In 2007, the EEOC sued Bloomberg L.P. for engaging in a pattern and practice of pregnancy discrimination against 78 employees. Bloomberg won a summary judgment motion that ended the pattern or practice aspect of the case. The EEOC persevered and converted the action to individual claims of discrimination on behalf of 29 non-intervening claimants and six employees who intervened in the action.
Well, the U.S. District Court for the Southern District of New York has decimated that case. The Court granted Bloomberg summary judgment as to the non-intervening claimants. It seems that the EEOC failed to investigate the claims of each individual and failed in its duty to conciliate the claims with Bloomberg before initiating litigation. The District Court judge conceded that the Court has only a modest role in evaluating the EEOC’s conciliation obligation. However, the Court must ensure that the EEOC had provided sufficient notice to the employer of the nature of the charges, which would set the stage for real discussions to resolve the claims.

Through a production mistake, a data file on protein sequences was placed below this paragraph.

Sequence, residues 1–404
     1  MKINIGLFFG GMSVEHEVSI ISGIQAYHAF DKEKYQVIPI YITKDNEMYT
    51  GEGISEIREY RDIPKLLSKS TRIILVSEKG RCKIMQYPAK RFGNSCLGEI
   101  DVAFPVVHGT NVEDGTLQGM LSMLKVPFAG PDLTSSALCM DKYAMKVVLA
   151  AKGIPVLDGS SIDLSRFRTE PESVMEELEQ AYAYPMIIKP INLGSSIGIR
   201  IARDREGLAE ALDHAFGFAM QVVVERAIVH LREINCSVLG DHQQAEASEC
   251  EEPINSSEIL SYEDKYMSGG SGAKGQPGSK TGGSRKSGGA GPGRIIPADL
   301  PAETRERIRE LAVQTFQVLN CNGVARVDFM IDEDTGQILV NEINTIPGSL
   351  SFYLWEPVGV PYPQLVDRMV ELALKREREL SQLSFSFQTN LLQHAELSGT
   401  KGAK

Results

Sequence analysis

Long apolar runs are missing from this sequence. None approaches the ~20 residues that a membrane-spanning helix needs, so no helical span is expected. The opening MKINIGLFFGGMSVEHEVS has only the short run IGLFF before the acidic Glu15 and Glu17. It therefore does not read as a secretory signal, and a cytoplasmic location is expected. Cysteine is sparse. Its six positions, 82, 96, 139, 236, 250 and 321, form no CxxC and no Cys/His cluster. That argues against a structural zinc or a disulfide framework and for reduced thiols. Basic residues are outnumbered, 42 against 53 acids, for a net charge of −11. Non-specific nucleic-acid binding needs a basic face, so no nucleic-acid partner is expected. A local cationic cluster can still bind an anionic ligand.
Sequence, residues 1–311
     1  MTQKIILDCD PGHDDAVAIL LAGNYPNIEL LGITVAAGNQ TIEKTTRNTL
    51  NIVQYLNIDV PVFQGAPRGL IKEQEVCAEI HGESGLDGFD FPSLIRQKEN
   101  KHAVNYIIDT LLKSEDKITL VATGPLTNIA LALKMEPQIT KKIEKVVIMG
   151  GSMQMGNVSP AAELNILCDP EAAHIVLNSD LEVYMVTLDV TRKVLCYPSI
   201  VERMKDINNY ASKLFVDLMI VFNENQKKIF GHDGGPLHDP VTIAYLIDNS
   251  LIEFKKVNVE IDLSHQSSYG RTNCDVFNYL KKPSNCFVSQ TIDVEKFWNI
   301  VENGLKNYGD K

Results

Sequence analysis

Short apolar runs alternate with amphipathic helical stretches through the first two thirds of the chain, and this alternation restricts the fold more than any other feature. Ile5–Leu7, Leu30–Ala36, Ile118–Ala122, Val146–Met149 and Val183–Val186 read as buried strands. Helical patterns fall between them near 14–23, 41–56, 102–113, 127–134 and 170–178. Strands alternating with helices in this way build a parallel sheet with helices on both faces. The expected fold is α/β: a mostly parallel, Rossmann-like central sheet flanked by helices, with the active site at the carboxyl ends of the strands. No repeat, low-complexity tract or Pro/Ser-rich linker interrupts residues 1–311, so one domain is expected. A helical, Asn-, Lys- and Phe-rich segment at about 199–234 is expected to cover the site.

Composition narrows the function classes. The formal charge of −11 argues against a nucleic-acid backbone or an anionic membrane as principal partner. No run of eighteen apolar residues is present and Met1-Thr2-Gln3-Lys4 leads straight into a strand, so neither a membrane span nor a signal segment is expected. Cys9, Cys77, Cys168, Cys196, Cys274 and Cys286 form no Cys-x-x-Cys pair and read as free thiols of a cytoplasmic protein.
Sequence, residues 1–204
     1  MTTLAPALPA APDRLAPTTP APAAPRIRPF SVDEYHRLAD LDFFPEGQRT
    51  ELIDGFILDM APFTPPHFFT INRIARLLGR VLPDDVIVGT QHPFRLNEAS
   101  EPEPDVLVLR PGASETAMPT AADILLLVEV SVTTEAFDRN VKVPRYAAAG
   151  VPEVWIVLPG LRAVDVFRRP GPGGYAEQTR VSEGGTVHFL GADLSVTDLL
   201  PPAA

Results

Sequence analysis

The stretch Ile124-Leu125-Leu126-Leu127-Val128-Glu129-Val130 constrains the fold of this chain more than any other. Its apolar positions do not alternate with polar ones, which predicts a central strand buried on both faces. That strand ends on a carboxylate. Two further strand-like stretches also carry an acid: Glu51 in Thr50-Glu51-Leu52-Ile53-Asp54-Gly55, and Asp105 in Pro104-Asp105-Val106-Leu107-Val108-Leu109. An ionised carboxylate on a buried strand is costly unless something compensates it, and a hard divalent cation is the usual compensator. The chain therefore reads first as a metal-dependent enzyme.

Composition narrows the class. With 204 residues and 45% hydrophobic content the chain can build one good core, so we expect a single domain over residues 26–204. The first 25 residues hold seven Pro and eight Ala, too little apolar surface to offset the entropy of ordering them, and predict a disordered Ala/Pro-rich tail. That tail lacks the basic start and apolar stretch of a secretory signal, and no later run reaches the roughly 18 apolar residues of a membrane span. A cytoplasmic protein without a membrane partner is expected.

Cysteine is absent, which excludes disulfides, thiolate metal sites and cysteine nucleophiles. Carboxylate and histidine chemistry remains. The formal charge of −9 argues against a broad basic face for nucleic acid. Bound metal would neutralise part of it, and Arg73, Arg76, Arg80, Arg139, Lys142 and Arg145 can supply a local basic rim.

The EEOC was more focused on systemic discrimination rather than the facts of each individual case. The EEOC was prohibited from using the litigation process to make up for what it had failed to do pre-litigation. The judge concluded that the only proper remedy was to bar the EEOC from seeking relief on behalf of these non-interveners. Bloomberg may now seek attorneys’ fees. The judge also dismissed all but one of the six intervening claims.